Systems Thinking about Communications - some related material:
Systems design for protocols - see Trading packet headers for packet processing, by
Chandranmenon, G.P.; Varghese, G., and for improving state set up costs, see A model, analysis, and protocol framework for soft state-based communication by Raman and McCanne.
Protocols can be given the performance improvements by batching (amortizing cost of processing multiple times in one go - e.g. aggregating packet processing in one interrupt service routine), pipelining (e.g. Integrated Layer Processing), but beware, this can be bad if the loop to do the processing exceeds the instruction cache size (or ditto for packet header data). This is not just diminishing returns, but can be counter-intuitive. We can amalgamate different processing and improve not just implementation, but also design - two elegant examples are TCP/IP header compression and header prediction - see RFC1144 for a beautiful piece of design and implementation in this regard.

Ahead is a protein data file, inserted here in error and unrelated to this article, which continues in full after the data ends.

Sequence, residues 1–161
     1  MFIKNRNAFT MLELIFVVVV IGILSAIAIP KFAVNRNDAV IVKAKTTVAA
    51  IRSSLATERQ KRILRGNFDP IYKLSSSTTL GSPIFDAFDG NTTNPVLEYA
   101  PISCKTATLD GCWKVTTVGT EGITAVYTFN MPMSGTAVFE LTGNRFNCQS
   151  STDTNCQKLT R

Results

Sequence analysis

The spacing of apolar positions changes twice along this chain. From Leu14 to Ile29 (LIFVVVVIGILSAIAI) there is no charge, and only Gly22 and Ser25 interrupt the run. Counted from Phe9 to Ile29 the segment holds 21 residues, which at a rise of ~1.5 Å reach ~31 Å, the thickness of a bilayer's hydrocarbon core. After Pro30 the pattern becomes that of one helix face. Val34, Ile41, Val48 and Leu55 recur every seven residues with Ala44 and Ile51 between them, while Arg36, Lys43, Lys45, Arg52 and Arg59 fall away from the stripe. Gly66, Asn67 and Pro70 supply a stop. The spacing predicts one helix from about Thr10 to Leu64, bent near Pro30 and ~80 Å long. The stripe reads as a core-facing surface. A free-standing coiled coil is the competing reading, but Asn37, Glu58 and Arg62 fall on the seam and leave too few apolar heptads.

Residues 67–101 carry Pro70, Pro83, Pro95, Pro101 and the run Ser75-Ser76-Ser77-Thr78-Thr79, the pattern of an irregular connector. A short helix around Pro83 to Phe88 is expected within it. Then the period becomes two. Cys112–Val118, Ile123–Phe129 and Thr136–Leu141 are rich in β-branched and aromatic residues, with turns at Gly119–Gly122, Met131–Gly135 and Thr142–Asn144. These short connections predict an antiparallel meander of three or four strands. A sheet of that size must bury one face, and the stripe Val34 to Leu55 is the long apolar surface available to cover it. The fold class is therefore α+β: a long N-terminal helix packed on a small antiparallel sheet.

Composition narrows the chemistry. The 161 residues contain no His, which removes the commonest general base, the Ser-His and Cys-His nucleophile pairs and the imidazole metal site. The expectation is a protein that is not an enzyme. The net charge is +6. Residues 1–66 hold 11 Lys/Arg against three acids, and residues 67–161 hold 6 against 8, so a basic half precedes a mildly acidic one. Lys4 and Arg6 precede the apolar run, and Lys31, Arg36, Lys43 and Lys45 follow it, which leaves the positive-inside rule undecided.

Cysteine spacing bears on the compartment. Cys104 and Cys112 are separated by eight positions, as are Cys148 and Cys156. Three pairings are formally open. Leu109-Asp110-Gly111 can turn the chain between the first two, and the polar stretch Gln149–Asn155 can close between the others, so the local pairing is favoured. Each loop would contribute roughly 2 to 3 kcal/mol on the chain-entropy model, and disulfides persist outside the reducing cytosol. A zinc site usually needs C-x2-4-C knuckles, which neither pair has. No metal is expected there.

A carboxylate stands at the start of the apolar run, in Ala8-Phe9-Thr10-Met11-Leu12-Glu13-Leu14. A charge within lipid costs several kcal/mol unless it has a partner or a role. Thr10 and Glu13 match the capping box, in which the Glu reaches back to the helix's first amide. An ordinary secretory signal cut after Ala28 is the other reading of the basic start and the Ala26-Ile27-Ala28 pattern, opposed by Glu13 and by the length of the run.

Statistical multiplexing (see lectures on telephone, internet and atm for discussion) can be great, if you know the statistics of the traffic at various levels (of scale in time and space and aggregation)- as we pointed out, this is very true for voice (whether telephony voice or skype/voip) but less so for data (we know how a TCP flow works, but not how a lot go togeter, but worse, with a mix of client/server and client/proxy traffic, and P2P traffic, we really don't haev a good handle on the "traffic matrix" any more, if we ever did!)
Virtualization (of h/w/OS - see Xen, or network, see VPNs) is a way computer science hides multiplexing (sharing) - the control plane allocates a share and schedules it, then each share (slice/multiplex) sees a dedicated resource "apparently all its own" - reality (accuracy of dedicated share) depends on accuracy of the scheduler - as in all things CS, "your mileage may vary":-). To work well, the scheduler has to model the resource being virtualized, and the requirements of the accuracy of the model trade-off against its efficiency dependent on the statisitcs of the workload - see, easy!